Top lawyer Robert Barnes, who has taken up Strickland’s case in the Supreme Court of the United States, has cited the assault on his client as adequate grounds for self-defense. He reviles the Oregon Department of Justice for describing Antifa as a legitimate part of Portland’s “protest community” and his client as a “polarizing” reporter not fit to cover public events because of his views. Clearly, the felony charges for showing he was armed for protection are unjust, especially in the light of Antifa-BLM being free to perpetuate violence. And clearly, the anarchists are well-protected by the media, politicians, and law enforcement, while those who dare defend themselves are prosecuted.
In another clear case of self-defense, Mark and Patricia McCloskey, both lawyers, stand charged with a felony for defending themselves by openly exhibiting their weapons against a premeditated assault. The protestors had broken into Portland Place, a gated neighborhood in St. Louis, Missouri, in June 2020, and threatened to harm them and destroy their property. The police and private security had failed to respond.
Ironically, circuit attorney Kim Gardner released dozens of rioters held for looting, arson, and destruction in St Louis. Two trial court judges had disqualified Gardner for prosecuting the McCloskey case because she inappropriately used it in fundraising emails before the Democratic primary. She recently requested that the Missouri Supreme Court restore her authority to prosecute the case. The McCloskey’s ordeal isn’t over. As Mark McCloskey astutely observed, “The circuit attorney has apparently decided her job as a prosecutor isn’t to keep us safe from criminals but to keep the criminals safe from us.”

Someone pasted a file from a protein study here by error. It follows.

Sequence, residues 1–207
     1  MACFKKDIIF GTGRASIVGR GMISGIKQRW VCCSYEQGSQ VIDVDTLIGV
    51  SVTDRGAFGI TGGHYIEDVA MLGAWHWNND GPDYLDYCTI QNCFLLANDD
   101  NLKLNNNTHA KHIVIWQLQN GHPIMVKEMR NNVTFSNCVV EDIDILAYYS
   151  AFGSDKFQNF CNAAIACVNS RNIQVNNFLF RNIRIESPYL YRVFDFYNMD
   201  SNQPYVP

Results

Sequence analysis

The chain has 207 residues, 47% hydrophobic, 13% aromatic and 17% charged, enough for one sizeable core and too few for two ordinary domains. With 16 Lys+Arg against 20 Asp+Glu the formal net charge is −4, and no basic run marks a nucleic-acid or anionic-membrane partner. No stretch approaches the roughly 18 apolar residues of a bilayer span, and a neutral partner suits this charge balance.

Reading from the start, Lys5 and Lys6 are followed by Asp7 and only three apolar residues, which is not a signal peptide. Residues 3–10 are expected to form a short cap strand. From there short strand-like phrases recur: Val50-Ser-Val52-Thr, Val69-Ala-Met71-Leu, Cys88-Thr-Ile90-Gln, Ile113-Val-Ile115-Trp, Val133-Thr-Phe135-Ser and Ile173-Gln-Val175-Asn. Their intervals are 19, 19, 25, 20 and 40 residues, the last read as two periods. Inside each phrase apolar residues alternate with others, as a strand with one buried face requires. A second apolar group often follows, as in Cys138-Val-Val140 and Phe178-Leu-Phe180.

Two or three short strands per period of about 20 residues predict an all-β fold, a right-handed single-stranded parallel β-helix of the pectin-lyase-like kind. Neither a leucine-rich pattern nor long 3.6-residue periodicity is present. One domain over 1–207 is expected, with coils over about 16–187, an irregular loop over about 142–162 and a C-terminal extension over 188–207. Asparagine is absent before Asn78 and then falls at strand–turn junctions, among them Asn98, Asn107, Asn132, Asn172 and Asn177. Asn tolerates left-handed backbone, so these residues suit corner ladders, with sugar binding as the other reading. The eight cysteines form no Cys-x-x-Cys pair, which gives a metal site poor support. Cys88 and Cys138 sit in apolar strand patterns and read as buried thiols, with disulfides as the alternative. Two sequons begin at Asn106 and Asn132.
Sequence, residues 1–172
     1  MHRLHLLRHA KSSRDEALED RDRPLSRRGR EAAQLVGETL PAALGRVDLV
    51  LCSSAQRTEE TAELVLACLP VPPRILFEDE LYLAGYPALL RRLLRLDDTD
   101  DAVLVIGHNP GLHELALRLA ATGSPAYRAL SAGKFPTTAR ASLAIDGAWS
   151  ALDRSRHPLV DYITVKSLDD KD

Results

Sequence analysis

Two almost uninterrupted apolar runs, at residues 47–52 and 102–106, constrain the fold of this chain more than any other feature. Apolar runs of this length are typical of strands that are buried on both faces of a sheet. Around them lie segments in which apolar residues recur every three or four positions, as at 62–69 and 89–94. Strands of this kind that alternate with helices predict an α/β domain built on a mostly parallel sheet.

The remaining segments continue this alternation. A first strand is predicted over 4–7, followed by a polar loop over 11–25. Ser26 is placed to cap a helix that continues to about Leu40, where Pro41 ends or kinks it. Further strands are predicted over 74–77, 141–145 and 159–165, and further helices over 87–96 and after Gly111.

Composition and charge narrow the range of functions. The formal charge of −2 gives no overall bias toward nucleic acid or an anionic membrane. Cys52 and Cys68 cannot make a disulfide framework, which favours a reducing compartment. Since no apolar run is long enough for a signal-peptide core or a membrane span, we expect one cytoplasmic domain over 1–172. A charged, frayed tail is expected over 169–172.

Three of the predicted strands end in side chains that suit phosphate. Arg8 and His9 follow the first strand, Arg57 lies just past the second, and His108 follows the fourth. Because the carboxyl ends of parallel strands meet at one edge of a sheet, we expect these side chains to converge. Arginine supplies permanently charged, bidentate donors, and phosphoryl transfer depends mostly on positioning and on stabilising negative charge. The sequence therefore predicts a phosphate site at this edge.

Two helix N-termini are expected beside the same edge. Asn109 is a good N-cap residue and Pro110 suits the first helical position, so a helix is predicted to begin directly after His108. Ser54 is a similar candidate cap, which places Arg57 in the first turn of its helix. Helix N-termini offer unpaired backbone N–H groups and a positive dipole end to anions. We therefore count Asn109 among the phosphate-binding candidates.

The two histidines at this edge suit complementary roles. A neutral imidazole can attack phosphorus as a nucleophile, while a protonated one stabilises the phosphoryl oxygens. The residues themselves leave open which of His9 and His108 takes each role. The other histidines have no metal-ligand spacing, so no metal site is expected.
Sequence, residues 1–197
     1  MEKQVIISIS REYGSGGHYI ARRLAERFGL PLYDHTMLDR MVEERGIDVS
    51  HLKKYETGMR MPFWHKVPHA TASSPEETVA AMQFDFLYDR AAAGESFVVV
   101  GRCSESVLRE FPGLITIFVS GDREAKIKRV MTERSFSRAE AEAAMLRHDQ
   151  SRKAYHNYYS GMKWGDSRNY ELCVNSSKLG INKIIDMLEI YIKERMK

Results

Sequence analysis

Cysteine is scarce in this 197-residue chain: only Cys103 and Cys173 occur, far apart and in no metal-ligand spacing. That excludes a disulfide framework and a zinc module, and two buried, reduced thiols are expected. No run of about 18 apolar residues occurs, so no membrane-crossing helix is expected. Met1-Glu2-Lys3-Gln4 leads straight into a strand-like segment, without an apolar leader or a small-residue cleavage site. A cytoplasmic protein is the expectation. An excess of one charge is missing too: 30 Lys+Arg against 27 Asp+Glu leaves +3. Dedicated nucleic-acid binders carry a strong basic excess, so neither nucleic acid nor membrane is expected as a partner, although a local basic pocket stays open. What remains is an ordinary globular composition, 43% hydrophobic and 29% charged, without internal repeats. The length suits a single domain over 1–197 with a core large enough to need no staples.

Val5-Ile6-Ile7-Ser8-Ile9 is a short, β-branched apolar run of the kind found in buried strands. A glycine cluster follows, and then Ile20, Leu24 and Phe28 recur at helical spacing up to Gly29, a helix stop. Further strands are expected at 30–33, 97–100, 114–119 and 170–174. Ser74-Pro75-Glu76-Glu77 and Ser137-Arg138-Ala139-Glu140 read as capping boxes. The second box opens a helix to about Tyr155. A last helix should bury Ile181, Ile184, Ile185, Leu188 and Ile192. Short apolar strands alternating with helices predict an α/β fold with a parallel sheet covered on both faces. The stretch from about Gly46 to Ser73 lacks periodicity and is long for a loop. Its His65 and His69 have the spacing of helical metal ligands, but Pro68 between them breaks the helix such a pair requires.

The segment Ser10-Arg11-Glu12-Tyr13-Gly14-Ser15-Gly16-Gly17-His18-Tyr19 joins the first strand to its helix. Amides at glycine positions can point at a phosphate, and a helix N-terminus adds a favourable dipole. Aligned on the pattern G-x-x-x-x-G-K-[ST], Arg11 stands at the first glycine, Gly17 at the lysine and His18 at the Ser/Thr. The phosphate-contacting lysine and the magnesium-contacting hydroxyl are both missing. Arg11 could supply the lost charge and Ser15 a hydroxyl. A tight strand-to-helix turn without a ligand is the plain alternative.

The third case is of 17-year-old Kyle Rittenhouse, an Antioch, Illinois, a resident who volunteered to guard businesses in Kenosha, Wisconsin, when riots broke out in September over the police shooting of Jacob Blake. Rittenhouse is a lifeguard, an emergency medical technician, and founder of Humanizing the Badge, an organization “to forge stronger relationships between law enforcement and the communities they serve.” He was legally armed.
While trying to put out a fire, Rittenhouse was chased by a rioter, Joseph Rosenbaum, a registered sex offender convicted by an Arizona court in 2002 for sexual contact with a minor. A random shot rang out, and Rittenhouse found himself surrounded by a mob with bats and other weapons. The teen fired four shots in self-defense, tried to flee, and even tried calling 911 to turn himself in. As he ran, he was assaulted with a skateboard and suffered an attempt to seize his rifle. In the end, Rosenbaum, 36, and Anthony Huber, 26, were killed, and Gaige Grosskreutz, 26, was injured.
Although he acted in self-defense, Rittenhouse was charged with two counts of homicide and released on a $2 million bond. His family, facing death threats, has moved to a safe house. Remarking on the case, President Trump said, “I guess he was in very big trouble. He probably would have been killed.”
In all three cases, there seem to be clear-cut arguments for self-defense in the face of imminent danger. So the prosecution of Strickland, the McCloskeys, and Rittenhouse looks like a witch hunt meant to bolster calls for radical gun-control legislation. The exoneration or light sentencing of rioters responsible for destroying communities and hundreds of assaults underlines that suspicion. The Biden administration is pushing to gut the Second Amendment, and gun confiscation may be on the horizon. This leads to the logical conclusion that the outcome for Strickland, the McCloskeys, and Rittenhouse is anything but certain.
The final rulings on these cases will be a weathervane for the future of self-defense in the U.S. Americans could very well be in danger of losing their right to own firearms and use them for their protection.